FDA to fast track review of Novartis’ rare lung cancer treatment
FDA has agreed to fast-track its regulatory review of Novartis’ capmatinib in a hard-to-treat form of lung cancer.
Novartis said it has applied for capmatinib, developed in partnership with Incyte, to be marketed as a MET inhibitor for first line and previously treated patients with locally advanced or metastatic MET exon 14 skipping (METex14) mutated non-small cell lung cancer.
The decision to grant a Priority Review, which lasts six months instead of the standard ten months, was made following the FDA’s decision to grant Breakthrough Therapy Status in September.
This tag is reserved for drugs that could represent a substantial improvement on standard care for serious diseases.
There are currently no approved treatments for this form of the disease, which accounts for around 3%-4% of newly diagnosed cases.
The FDA will review data from the 334-patient GEOMETRY mono-1 phase 2 study, which showed an overall response rate of nearly 68% in treatment naïve and nearly 41% in previously treated patients.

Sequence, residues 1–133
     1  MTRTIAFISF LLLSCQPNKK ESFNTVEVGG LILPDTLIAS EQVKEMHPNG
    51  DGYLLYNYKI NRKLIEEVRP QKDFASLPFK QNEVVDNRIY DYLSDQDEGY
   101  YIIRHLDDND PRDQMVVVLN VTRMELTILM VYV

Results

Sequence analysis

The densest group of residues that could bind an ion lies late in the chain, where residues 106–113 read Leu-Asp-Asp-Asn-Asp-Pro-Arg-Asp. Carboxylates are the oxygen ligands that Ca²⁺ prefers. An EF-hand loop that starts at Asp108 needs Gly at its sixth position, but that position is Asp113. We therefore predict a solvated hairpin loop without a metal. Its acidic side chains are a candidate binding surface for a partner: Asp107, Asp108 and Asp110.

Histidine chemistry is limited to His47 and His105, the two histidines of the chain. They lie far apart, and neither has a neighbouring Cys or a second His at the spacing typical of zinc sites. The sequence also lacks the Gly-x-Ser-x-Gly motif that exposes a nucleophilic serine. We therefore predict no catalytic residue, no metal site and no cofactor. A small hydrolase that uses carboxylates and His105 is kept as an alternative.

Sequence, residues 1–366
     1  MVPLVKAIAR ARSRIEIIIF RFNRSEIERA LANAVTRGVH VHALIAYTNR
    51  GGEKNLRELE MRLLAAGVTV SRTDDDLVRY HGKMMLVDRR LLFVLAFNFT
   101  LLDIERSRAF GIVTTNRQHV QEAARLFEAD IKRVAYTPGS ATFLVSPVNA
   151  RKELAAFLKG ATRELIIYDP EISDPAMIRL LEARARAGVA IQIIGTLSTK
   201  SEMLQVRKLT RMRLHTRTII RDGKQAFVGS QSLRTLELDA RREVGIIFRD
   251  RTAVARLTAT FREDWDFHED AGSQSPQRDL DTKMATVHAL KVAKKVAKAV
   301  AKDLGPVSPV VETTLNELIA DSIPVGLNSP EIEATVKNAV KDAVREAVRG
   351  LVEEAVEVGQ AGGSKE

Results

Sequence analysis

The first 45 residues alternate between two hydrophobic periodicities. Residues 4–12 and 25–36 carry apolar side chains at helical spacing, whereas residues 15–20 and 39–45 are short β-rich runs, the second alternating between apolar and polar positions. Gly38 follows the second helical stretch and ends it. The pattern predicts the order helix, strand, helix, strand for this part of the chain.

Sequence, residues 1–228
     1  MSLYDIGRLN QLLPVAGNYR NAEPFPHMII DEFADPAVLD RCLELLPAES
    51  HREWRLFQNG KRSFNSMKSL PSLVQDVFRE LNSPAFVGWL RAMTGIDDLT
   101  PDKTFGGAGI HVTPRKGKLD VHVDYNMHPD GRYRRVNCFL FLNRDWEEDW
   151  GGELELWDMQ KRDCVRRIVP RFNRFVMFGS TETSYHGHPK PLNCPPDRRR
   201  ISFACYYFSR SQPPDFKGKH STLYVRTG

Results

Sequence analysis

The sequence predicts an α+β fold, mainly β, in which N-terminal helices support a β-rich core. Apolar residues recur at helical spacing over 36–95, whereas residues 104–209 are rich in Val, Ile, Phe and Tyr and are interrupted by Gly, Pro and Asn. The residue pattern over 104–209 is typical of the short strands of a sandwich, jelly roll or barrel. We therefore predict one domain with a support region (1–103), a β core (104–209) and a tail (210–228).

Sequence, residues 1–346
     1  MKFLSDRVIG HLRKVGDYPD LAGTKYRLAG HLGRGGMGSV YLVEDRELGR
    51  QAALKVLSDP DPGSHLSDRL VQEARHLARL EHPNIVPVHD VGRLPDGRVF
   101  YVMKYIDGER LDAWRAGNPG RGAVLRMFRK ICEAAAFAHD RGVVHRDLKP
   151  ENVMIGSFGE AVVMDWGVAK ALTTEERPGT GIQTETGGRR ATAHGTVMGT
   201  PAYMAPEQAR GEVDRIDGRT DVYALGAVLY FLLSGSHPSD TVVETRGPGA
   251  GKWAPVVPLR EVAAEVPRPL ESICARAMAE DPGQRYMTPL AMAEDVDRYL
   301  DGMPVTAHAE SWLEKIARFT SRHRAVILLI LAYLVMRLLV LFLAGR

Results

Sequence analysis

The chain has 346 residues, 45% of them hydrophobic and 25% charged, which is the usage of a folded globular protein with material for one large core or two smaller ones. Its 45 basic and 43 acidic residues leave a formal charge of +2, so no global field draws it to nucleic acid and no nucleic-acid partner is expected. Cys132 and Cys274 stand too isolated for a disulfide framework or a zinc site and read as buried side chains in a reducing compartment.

Novartis licensed capmatinib from US biotech Incyte in 2009, gaining exclusive development and marketing rights to the MET inhibitor and certain back-up compounds in all indications.
If capmatinib reaches market, Incyte may become eligible for over $500 million in milestone payments and royalties of between 12% and 14% of global sales by Novartis.
The Swiss pharma has also been sponsoring studies of capmatinib under the licensing agreement.
Capmatinib is part of a new generation of drugs from Novartis, which CEO Vas Narasimhan has earmarked as potential new blockbusters.